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Where were you when you found out that marriage equality was now the law of the land in the United States? Chris Bartlett, executive director of William Way LGBT Community Center, was helping to plan the city of Philadelphia’s celebration of the historic announcement. “We were in very good spirits,” he recalled. “As in any great moment, to feel like you’re living in the midst of history is very inspiring.” Spontaneous celebrations filled the streets on that June afternoon.
“Locally and globally, there are certain things that are universal,” said Tina Rodin, staff member at Philadelphia FIGHT, a comprehensive HIV/AIDS organization in Philadelphia. “People are stigmatized, isolated, and rejected from their families and communities because of HIV status everywhere in the world.” In 2013, Philadelphia FIGHT board member Bishop Ernest McNear was doing work in Ghana through his church and had started integrating HIV/AIDS education. Soon after, Philadelphia FIGHT developed an official partnership with the Ghana AIDS Commission in an area where 250,000 people are living with HIV.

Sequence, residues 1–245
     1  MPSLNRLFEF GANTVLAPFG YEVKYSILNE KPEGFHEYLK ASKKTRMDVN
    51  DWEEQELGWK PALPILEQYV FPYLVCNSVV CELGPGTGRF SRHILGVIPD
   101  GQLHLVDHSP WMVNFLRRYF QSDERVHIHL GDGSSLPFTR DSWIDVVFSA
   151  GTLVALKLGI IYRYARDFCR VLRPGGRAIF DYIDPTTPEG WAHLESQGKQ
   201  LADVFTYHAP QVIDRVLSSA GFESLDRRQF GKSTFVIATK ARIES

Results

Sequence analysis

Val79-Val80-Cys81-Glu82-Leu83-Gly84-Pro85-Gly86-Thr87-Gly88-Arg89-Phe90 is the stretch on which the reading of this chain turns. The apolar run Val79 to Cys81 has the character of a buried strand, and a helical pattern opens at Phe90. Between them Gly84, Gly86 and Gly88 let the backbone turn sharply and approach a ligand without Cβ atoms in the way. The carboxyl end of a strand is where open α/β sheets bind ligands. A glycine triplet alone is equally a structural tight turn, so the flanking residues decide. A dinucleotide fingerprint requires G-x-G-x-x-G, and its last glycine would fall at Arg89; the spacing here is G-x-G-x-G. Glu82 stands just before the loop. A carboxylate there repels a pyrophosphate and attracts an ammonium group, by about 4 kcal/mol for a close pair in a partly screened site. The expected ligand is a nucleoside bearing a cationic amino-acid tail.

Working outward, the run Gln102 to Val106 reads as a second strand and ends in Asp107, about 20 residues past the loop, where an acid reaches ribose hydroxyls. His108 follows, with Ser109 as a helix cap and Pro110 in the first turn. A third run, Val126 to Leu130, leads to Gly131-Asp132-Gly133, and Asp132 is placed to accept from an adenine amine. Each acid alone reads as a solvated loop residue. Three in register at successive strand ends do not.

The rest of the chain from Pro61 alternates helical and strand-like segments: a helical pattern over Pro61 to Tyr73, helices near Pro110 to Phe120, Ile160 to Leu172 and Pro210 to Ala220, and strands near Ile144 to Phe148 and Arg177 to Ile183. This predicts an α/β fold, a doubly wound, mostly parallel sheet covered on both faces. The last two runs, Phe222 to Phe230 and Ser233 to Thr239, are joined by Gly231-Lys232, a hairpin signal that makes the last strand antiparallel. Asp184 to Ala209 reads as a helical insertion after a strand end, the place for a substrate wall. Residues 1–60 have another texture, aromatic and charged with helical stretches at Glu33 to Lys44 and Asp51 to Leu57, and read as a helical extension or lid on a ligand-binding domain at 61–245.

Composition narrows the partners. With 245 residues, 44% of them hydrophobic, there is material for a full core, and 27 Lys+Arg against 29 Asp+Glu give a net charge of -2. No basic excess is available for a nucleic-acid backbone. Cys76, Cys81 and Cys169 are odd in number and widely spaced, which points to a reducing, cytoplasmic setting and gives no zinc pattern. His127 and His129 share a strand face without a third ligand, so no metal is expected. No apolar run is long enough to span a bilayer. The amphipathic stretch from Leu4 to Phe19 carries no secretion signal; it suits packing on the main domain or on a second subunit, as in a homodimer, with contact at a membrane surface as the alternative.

“Our political education is the thing we are the most proud of,” said Cheri Honkala, organizer with Poor People’s Economic Human Rights Campaign (PPEHRC), a Racial & Economic Justice Fund grantee. “While doing housing takeovers and setting up homeless encampments, the key thing is that poor and homeless people are central to our leadership and to everything we do.” Honkala is formerly homeless and has been involved with the organization since its early days as the Kensington Welfare Rights Union. What started as a small neighborhood group to help poor families later extended to other parts of the city and then the country to organize poor communities.
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